Georgia Travel Articles
Washington, Georgia, A Confederate Treasure
The Mary Willis Library
There is some debate as to the birthplace of the Confederate States of America, however, there is little doubt Washington, Georgia was the deathbed of the Confederacy. In May, 1885, President Jefferson convened his last cabinet meeting there and signed the papers officially dissolving the Confederate States of America. He had fled to Washington carrying with him the Southern treasury, estimated at over half a million dollars in gold. When he was captured the Union soldiers only recovered about a third of the treasure. To this day, legends claim it lies buried in or around Washington. The gold may be lost, but the treasure remains in the relics of the Old South found in the charming city of Washington. The Visitors Guide boasts over 70 historic sites in the area. It can be picked up free at the Chamber of Commerce.
The Treasure chest
With all the impressive buildings in town, the most impressive relic is the unassuming black chest that poses so many questions. What really happened to all that gold? As you stare at the ancient iron and leather chest that once held a portion of that gold, you are transported back to that turbulent time. The chest is located in the Mary Willis Library in Washington. It reclines beneath a priceless Tiffany stained glass window in the foyer of the first free library in Georgia.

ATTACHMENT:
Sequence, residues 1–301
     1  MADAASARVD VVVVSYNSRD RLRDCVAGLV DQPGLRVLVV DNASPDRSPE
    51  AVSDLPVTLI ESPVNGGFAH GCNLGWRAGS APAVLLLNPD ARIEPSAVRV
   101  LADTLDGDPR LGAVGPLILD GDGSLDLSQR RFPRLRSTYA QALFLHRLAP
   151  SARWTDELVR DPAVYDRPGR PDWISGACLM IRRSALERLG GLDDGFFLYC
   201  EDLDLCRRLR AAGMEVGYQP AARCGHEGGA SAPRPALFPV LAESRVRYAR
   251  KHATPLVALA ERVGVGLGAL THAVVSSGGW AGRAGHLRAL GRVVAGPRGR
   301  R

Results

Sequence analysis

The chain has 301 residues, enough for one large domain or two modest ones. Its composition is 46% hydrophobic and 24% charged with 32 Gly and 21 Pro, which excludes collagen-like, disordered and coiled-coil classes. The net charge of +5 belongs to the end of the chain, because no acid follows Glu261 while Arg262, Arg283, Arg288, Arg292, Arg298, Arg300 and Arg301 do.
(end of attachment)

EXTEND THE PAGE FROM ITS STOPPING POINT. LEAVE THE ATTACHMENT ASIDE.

A tattered news clipping tells the story of the chest's recent history. Whether or not you believe the stories of the hidden Confederate gold, the tiny city is a treasure in itself. Start at the Washington Historical Museum. At the time of the Civil War, it was owned by Sammuel Barnett, Georgia's first Railroad Commissioner. It is furnished in the Antebellum style. You will be drawn back to the fateful days of the Civil War by the sight of Jefferson Davis' camp chest and an astonishing collection of Confederate relics and memorabilia of the Reconstruction period.
Washington's most controversial citizen was Robert Toombs. His stately, white columned mansion is preserved as a State Historical Site. As the guide conducting the tour explained, "He was a man who fit his times." Toombs' home reflects his personality, a forceful lawyer, a successful planter a consummate statesman. As a United States Senator, he originally argued for Unionism. On January 24, 1960, he preached against succession, exhorting his fellow senators, "Defend yourself; the enemy is at your door!" But after the fact, he was an ardent Rebel. He served as Confederate Secretary of State for a short time then resigned to become a brigadier general. At the end of the war, he escaped from Federal soldiers by running out his back door and taking refuge with a neighbor. He spent two years in exile in France but scorned the idea of a pardon. In 1880 he boasted, "I am not loyal to the existing government of the United States and do not wish to be suspected of loyalty."